The Court in Gill v. Sewell, 356 So. 2d 1196 (Ala.1978), stated that § 14 "prohibits a suit against state officers and agents in their official capacity and individually when a result favorable to the plaintiff would directly affect a contract or property right of the state." 356 So. 2d at 1198. However, the Court in Gill continued by delineating several exceptions to the general rule, which exceptions, if applicable, preclude a state officer from claiming protection from suit pursuant to § 14; 356 So. 2d at 1198, quoting Aland v. Graham, 287 Ala. 226, 250 So. 2d 677 (1971). Section 14 immunity is not applicable when an action is brought: (1) to compel state officials to perform their legal duties; (2) to compel state officials to perform ministerial acts; (3) to enjoin state officials from enforcing unconstitutional laws; (4) to enjoin state officials from acting in bad faith, fraudulently, beyond their authority, or under mistaken interpretation of the law, or (5) to seek construction of a statute under the Declaratory Judgment Act. Gill v. Sewell, 356 So. 2d at 1198; see also, State v. Norman Tobacco Co., 273 Ala. 420, 142 So. 2d 873 (1962); St. Clair County v. Town of Riverside, 272 Ala. 294, 128 So. 2d 333 (1961). In Gill, the plaintiff, a police officer, *446 while investigating a robbery, sustained gunshot wounds inflicted by a convicted felon. The plaintiff brought suit against state officials who, as he alleged, had acted negligently in releasing the convicted felon to a minimum security prison just prior to the robbery attempt in which the plaintiff was injured. Noting that negligent performance of a statutory duty does not operate to remove the § 14 shield of immunity, the Court, in an opinion by Justice Almon, held that § 14 barred the suit and that none of the exceptions applied. Gill, 356 So. 2d at 1198.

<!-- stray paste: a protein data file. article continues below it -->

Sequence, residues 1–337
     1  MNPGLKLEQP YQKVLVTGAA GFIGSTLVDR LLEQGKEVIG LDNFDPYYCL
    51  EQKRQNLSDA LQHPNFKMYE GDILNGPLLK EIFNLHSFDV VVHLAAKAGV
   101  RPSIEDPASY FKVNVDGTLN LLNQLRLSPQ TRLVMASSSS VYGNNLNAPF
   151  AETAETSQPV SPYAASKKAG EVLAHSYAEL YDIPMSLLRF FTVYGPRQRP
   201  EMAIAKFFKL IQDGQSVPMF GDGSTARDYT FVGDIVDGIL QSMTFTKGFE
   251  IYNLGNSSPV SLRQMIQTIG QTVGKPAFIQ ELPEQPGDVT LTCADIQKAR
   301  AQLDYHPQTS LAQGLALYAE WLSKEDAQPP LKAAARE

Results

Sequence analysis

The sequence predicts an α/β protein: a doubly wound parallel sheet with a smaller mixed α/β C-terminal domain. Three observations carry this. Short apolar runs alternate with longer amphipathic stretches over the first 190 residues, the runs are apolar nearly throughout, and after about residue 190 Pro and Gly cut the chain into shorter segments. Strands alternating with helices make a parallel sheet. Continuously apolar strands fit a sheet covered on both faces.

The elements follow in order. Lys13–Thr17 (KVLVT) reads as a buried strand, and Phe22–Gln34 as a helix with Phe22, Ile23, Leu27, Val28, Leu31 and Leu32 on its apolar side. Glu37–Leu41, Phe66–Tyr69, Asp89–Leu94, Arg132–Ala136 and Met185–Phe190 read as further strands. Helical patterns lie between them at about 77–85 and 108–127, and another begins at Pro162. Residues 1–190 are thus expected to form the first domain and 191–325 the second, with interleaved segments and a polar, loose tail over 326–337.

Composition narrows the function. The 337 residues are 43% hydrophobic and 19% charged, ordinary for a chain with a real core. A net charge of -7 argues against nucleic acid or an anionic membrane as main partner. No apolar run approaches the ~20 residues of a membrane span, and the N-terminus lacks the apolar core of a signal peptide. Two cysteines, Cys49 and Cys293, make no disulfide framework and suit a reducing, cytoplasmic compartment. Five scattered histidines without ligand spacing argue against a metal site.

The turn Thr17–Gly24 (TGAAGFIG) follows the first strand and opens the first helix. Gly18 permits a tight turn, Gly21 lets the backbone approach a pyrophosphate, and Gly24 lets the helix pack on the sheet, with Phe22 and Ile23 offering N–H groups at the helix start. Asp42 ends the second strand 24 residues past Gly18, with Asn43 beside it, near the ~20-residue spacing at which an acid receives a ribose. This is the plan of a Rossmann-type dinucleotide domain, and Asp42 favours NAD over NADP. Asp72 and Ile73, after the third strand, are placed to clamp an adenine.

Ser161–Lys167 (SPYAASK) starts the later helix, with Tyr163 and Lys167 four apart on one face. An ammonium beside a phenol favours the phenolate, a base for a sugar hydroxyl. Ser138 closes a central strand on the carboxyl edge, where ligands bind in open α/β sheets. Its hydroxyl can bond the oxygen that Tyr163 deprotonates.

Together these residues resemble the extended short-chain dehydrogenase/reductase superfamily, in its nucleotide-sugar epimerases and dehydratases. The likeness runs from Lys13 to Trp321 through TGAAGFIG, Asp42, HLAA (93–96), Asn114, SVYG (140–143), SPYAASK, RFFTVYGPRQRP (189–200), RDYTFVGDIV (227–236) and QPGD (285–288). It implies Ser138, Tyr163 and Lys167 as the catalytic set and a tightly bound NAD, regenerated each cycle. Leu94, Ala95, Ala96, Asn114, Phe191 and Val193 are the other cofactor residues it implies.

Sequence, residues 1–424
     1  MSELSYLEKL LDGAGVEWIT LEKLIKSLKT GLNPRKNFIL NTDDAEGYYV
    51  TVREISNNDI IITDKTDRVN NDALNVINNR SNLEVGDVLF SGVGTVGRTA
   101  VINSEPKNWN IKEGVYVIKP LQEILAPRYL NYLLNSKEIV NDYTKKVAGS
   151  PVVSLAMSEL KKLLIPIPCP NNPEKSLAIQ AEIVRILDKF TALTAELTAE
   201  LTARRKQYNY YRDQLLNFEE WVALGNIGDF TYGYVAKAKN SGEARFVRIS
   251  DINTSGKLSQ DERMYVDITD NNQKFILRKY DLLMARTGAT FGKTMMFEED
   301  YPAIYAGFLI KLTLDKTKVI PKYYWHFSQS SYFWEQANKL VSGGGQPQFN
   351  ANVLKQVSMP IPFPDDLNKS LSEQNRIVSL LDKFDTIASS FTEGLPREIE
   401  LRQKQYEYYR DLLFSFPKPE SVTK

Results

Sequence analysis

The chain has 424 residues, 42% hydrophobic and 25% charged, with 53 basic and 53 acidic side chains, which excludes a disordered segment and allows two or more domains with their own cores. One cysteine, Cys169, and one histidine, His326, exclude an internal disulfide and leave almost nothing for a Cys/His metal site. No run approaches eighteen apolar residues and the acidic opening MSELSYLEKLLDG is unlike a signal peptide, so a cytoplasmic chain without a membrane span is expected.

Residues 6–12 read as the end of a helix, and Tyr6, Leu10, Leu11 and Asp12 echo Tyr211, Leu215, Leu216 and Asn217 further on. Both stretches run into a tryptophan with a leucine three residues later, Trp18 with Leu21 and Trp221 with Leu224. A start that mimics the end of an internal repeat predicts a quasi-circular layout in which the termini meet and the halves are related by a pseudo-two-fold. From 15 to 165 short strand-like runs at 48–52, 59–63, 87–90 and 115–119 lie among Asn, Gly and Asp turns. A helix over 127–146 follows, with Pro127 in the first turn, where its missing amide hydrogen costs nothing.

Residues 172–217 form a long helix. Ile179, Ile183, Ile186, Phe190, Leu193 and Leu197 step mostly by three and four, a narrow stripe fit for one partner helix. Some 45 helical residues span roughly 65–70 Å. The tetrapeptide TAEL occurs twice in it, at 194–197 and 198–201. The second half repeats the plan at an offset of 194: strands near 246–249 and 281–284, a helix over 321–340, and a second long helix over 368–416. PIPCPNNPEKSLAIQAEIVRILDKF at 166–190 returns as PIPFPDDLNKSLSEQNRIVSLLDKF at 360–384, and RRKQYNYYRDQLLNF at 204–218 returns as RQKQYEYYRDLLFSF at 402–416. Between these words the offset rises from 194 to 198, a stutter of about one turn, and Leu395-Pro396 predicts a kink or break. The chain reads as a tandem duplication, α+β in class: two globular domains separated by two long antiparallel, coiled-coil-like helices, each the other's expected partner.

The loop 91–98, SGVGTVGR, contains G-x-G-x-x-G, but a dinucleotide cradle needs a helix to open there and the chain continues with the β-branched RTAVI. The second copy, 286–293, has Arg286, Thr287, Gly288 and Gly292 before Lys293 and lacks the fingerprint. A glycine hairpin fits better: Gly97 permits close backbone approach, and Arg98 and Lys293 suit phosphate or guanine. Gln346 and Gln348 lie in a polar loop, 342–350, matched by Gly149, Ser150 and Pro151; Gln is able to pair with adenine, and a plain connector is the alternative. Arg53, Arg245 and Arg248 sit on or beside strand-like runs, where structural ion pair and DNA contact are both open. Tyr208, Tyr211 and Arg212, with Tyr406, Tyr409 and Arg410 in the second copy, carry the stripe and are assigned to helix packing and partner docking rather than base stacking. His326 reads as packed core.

From the facts furnished to us by the Court of Appeals, it appears that the case at bar is analogous to the situation in Gill. The plaintiff, Ms. Lolita Parker, alleges that a state official, Sheriff Amerson, committed negligent and wanton acts that caused her to suffer harm, while executing his discretionary duties of hiring a jailer. From the facts furnished us, it appears that none of the exceptions enumerated in Gill applies. See also, Southall v. Stricos Corp., 275 Ala. 156, 153 So. 2d 234 (1963). This Court has specifically held that a suit against a sheriff is "essentially a suit against the state" and thus "not maintainable." Montiel v. Holcombe, 240 Ala. 352, 199 So. 245 (1940). Thus, § 14 and judicial precedent mandate the conclusion that Sheriff Amerson is immune from suit.